After snowy/icy roads & car trouble, our third recent attempt to visit SWT Loch of the Lowes was a successful one in more ways than one. Our Sunday Safari took us to the benches inside the Visitor Centre, at the observation window, where we joined others in watching the very busy feeders outside.
Redpolls were definitely not on my list of expected birds to see on our visit. Their presence was like a gold star for finally making the trip! There was a little snow around the area so perhaps that’s what brought in the Redpolls this bright afternoon.
I had never seen a Redpoll before. Not being a birder I was guessing what bird this was that was sharing a niger seed feeder with a male Chaffinch. Just look a the head size difference below…
My ID guess had been a Linnet (not seen one of them before either). I asked a member of staff and she told me she could see why I guessed that (it was really the red markings I was going with not knowing where they should be).
We were told we were looking at a male Redpoll. We were also told what the female might look like and shown it in a book. Yep… as per usual it would be duller than the male. I didn’t expect we would see a female too but as you can see above… some time later we did 🙂
Coffee in one hand and video camera on tripod at the ready I always look to catch something different on my visit to this Centre. I was delighted, I’ve also had a bit of fun with my short 2 minute film. Note there is background music as I need to cut the sound of people’s voices. Enjoy…
I’ve looked out this observation window many times but perhaps not during February as winter weather is usually a problem my car journey to the centre. Gosh there were more Chaffinches on Sunday than I think I have ever seen there.
Mallards and pheasants joined the Chaffinches on the ground below the niger seed feeders. Frantic feeding was seen there as well as considerable acrobatic flying from blue, great & coal tits above as my video shows.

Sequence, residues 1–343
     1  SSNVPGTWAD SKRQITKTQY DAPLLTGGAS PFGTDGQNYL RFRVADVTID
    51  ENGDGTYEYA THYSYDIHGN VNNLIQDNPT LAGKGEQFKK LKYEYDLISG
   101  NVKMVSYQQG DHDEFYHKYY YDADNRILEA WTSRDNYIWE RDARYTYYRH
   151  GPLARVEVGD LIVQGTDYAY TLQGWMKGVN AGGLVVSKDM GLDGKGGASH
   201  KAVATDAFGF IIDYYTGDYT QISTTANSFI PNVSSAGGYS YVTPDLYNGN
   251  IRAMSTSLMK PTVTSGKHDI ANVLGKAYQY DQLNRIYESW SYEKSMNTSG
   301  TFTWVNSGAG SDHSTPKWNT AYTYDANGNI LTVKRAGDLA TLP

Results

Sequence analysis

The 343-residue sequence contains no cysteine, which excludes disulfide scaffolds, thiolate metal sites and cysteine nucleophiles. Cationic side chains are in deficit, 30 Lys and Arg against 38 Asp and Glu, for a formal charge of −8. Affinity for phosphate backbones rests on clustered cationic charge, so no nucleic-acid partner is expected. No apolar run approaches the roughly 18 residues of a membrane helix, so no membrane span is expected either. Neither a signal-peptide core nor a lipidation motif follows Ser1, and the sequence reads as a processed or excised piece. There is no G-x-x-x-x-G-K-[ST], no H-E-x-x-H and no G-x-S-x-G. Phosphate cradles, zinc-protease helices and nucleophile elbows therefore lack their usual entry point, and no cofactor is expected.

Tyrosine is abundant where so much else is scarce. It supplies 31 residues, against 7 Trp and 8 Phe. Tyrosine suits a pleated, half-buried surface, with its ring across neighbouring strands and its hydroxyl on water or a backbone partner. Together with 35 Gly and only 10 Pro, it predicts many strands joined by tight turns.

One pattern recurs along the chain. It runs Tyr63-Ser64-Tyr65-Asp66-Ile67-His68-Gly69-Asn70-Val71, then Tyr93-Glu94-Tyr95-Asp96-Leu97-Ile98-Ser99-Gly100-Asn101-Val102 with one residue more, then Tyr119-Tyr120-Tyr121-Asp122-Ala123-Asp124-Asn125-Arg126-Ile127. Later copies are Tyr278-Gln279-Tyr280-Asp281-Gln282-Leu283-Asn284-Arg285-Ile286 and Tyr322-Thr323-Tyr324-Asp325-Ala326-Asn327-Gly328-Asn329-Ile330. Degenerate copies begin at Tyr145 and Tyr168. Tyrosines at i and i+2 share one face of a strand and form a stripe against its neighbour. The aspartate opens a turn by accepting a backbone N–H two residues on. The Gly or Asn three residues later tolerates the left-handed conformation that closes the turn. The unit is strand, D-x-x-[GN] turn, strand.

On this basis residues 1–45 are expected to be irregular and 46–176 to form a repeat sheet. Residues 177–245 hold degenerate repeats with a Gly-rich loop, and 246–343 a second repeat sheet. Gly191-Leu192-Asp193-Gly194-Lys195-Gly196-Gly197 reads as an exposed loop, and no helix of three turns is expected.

Not caught on camera, one amusing moment saw a male Mallard and male Pheasant have a bit of head on squabble. On this visit I was hoping to get some photos & video of the Red Squirrel. Unusually for our visits we never saw a single squirrel.
My next lookout was going to be for the tiny well camouflaged Treecreeper. After capturing images of the Redpoll my eyes turned to one particular tree I have seen them feed on before. I just adore watching this charming little bird but don’t see it on every visit. You need a sharp eye to spot it. However, spot it I did despite the distractions from so many birds at the feeders.
Switching back and forth with still and video camera for the Redpoll, when it came to the Treecreeper it was video footage with better light I was looking for. As Treecreeper viewing time would be short I gave the still camera to my daughter and the girl did good! I caught some video which you can see below too.
The conditions were good for filming despite the usual reflections on the observation window from movement inside the centre. The Treecreeper swooped over to the bottom of a tree trunk from a cut down tree just in front of me and started making its way spirally up it.
I lined up my camera, caught the Treecreeper in the frame and it spent quite a while feeding in the one area. This was brilliant – a good, clear close-up view. I was thrilled.
You can imagine my disappointment then, when I got home and realised that I was too busy enjoying watching the Treecreeper and I hadn’t hit the record button on my video camera… doh! I doubt I’ll ever get quite a view like that again 🙁
However, shortly after, the video was recording for view of a Jay feeding at a bird table right in front me. I had never seen that before. Window reflections were more of a problem here, but even so the view of the Jay’s head with eyes and beak were quite a scoop for me. I’ve never seen the Jay so close – what a pretty face it has.
The short video compilation below also shows a capture of a female Great Spotted Woodpecker (my best so far). You can see the difference in size, shape and use of the beaks between the three birds. I always find that fun to watch.
Finally, our Safari quickly concludes with a photo of the female Great spotted Woodpecker that I managed to get, an arty shot of a male Pheasant by my daughter and her quick capture of the Jay on the tree branch just above the bird table.
We hope you enjoyed sharing this trip with us and will consider going on Safari with us again 🙂
This post was written by Shirley for shirls gardenwatch in February 2012. The images above were taken on February 19th 2012.